As politicians head to Olympia, “Thank you for your service” comes easily.
The reality? Once there, behind closed doors, veterans’ issues are an inconvenience to be tolerated and ignored, if possible.
Military spending is critical to the Washington economy, but the “boots on the ground” we are hearing is “downsizing.”
Veterans face an economy unprepared to provide them with real jobs with a future and the dignity owed to those who wore the uniform of this nation.
Rep. Jan Angel understood the urgency and introduced House Bill 1615, “Providing a Business and Occupation Tax Credit For Businesses that Hire Unemployed Veterans.”
Who would argue with that? Unemployed veterans want jobs, not a handout.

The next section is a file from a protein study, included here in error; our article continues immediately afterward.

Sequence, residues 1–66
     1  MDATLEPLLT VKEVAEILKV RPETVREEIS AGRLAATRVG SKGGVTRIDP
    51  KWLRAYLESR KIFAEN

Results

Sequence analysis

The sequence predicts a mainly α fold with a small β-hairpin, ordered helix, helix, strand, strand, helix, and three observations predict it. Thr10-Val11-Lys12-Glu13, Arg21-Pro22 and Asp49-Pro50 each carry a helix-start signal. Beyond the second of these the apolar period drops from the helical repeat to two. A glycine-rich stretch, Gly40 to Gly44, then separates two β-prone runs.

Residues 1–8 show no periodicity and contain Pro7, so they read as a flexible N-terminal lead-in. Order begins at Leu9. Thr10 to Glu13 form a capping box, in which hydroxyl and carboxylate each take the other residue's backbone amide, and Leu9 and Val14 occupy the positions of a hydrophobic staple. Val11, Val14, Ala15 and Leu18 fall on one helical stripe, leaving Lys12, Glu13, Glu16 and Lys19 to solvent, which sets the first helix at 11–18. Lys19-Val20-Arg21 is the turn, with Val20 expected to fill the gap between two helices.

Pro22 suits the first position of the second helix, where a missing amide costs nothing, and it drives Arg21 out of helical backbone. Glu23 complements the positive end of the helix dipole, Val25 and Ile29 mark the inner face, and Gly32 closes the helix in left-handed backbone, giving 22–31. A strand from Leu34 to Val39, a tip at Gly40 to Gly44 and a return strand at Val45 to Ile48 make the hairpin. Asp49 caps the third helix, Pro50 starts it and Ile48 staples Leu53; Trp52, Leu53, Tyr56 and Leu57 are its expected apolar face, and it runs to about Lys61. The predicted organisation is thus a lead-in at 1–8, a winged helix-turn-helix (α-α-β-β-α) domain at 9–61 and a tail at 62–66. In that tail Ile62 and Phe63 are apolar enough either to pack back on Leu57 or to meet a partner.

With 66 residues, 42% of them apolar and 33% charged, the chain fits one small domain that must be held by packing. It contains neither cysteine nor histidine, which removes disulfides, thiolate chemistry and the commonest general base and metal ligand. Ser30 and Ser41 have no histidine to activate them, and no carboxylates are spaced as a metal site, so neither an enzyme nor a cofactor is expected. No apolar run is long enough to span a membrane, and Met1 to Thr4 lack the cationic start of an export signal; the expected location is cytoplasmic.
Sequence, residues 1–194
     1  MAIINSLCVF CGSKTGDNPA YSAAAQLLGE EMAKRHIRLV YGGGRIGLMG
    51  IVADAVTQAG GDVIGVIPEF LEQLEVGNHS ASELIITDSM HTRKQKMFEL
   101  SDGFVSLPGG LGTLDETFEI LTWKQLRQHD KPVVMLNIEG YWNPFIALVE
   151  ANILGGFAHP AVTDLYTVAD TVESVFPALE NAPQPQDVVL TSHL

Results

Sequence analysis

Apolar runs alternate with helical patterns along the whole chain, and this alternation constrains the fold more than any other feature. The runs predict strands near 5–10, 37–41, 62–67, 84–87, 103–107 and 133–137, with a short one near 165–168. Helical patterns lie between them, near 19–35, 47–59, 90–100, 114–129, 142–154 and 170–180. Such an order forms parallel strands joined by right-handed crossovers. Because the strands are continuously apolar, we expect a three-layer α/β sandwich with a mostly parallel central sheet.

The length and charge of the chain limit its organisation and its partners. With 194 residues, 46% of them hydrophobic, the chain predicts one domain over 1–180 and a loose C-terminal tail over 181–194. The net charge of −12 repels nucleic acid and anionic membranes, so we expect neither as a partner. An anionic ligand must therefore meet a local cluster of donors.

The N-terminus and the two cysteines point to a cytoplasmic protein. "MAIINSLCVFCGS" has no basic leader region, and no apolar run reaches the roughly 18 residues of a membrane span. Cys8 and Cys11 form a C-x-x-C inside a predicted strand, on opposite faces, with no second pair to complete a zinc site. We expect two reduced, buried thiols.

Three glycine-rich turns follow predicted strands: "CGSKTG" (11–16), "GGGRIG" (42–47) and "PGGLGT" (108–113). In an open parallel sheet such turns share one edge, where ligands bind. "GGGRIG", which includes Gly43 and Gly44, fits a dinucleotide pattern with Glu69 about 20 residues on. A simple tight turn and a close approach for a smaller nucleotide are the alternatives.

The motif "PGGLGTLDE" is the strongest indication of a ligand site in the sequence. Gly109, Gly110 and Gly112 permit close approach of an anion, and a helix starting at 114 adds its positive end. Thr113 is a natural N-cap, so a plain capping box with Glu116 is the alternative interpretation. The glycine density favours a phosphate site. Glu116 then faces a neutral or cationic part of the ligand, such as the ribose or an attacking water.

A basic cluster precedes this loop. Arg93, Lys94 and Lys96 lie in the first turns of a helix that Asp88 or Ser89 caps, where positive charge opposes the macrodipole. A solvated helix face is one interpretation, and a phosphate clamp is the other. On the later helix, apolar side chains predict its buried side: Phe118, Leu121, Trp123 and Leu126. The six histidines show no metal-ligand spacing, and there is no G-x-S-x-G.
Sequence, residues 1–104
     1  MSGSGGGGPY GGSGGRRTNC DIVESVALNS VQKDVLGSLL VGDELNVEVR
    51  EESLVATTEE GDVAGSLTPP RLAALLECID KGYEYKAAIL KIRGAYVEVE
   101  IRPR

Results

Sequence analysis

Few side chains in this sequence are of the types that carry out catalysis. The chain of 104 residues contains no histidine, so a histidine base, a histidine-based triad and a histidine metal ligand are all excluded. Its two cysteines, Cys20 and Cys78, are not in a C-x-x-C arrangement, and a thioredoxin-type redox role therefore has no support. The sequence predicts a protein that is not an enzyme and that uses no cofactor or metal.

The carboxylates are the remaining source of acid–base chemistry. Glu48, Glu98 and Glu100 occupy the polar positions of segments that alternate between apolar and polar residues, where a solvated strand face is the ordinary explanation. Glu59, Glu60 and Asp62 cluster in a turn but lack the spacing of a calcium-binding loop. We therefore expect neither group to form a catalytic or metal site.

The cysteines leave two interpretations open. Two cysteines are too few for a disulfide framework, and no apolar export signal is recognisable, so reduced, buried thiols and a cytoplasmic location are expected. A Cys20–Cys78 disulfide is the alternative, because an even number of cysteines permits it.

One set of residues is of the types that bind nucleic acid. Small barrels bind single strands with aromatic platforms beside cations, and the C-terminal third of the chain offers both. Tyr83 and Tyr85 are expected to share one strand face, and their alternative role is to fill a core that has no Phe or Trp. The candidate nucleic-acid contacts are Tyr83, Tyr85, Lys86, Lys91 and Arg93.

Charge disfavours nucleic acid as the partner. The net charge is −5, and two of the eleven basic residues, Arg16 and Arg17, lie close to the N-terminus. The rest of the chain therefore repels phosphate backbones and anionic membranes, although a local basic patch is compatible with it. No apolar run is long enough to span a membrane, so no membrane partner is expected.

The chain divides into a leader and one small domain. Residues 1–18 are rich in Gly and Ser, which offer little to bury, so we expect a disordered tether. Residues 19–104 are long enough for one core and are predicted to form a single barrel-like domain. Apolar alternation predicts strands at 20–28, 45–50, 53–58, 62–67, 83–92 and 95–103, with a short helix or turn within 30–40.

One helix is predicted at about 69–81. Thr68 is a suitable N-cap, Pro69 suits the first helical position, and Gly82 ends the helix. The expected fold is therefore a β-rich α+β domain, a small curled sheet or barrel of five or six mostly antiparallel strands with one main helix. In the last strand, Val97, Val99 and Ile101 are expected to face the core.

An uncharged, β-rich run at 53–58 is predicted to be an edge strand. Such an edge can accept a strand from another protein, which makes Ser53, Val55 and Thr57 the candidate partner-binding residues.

Their work ethic is what employers seek. Everyone benefits.
What happened? It was buried in committee.
Behind closed doors in the political bowels of Olympia, one individual can dictate the demise of legislation. More often than not, the response to funding for vets is the sounds of silence.
Like Darth Vader, legislators are draped with the cloak of anonymity that protects them from “going on the record” with votes against legislation that’s desperately needed by Washington’s veterans.
No vote equals no accountability.
At fundraisers and photo-ops on the capitol steps, they can still mouth the phrase, but veterans’ issues are not now, and have never been, their priority.
When Angel says “thank you for your service,” she means it. She is running for the state Senate and has earned the veterans’ vote.